Machine learning with Microsoft
We are utilising Microsoft machine learning tools and capabilities to help tackle illegal, unreported and unregulated (IUU) fishing.
The tools will expediate data processing by analysing images gathered from high resolution cameras and audio from sensor systems in waters off Indonesia and the Great Barrier Reef. This includes assisting with fishing management in Australian protected areas and identifying boats and their behaviour using underwater explosions to stun and harvest fish as part of illegal ‘blast fishing’ in Indonesia.
High resolution cameras are a cost-effective method for marine monitoring and surveillance. Audio sensors called hydrophones can record sound underwater within a range of 10 kilometres and 30 metres below the surface. They can send a real-time notification to law enforcement should IUU fishing be detected.
AI technologies accelerate IUU fishing research
IUU fishing is a major challenge for sustainable fisheries management, particularly in the developing world. Applying Microsoft machine learning will enable us to process large sets of data in real time to detect IUU fishing activities quickly and efficiently.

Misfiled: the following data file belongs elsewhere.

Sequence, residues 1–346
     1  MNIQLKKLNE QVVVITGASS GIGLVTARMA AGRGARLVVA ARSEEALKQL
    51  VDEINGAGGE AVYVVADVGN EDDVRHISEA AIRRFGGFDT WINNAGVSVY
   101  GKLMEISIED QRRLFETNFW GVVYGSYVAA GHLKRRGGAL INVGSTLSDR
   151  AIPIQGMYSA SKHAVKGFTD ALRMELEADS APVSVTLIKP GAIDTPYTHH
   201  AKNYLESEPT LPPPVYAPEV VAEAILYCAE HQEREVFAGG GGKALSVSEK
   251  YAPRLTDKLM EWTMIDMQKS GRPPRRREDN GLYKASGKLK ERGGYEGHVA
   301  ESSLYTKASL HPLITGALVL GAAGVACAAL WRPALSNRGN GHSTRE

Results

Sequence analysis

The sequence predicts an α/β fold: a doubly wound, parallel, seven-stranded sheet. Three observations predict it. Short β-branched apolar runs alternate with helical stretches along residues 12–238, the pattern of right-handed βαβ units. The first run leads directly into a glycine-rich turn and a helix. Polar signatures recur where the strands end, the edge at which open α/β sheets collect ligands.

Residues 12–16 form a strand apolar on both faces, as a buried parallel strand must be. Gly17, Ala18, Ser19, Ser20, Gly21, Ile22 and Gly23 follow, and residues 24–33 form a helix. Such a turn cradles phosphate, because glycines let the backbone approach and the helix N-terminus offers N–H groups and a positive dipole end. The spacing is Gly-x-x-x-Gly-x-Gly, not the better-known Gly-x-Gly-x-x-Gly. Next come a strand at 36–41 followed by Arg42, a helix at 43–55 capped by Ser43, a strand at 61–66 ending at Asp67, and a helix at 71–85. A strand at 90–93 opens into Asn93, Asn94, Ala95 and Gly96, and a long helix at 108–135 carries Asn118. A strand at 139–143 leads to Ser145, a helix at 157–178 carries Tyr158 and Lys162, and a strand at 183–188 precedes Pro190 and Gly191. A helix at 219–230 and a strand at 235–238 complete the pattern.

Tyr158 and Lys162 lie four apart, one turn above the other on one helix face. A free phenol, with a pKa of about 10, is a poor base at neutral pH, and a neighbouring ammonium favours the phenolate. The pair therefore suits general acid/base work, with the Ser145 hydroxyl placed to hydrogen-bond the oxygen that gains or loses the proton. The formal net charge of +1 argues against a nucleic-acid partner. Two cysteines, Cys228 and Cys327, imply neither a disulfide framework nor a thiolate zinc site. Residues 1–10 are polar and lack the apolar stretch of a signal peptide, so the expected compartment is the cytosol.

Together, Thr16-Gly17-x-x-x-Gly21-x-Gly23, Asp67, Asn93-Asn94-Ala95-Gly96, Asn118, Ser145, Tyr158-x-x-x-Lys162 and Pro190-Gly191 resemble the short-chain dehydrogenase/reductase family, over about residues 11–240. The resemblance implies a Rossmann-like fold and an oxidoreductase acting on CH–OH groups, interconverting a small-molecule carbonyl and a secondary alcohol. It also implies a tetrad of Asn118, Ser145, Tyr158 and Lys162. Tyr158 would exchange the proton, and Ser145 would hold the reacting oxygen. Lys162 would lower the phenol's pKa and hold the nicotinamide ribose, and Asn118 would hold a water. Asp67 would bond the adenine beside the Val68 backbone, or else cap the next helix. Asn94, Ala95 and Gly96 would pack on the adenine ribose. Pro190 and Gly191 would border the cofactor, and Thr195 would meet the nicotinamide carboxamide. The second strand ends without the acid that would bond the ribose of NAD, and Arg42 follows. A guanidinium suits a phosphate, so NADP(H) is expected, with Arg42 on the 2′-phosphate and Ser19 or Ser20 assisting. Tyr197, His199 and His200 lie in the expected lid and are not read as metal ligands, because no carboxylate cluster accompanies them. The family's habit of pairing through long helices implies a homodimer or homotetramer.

Existing methods include ship tracking systems and water user data. However, it is difficult to transform the data into useful information. It is also labour intensive.
Indonesia uses a vessel GPS tracking system. However, there are roughly half a million fishing vessels, making inspecting individual vessels nearly impossible.
Our approach can capture the type of boat, boat features, boat travel speed, idling, diving and if any fishing bombs are used. Further development will alert authorities to suspicious fishing behavior automatically, to assist with investigation.
Supporting fisheries management
Our collaboration with Microsoft builds on our existing research and accelerates the processing of IUU fishing data in a cost-efficient way.
Our trained algorithms for image recognition will help to detect IUU fishing patterns including the real time processing of data. It also improves privacy, as large amounts of data do not have to be stored.
This information will be critical for fisheries agencies to manage IUU fishing in Australian and international water. It will also help to ensure food security and livelihoods for the world’s growing population.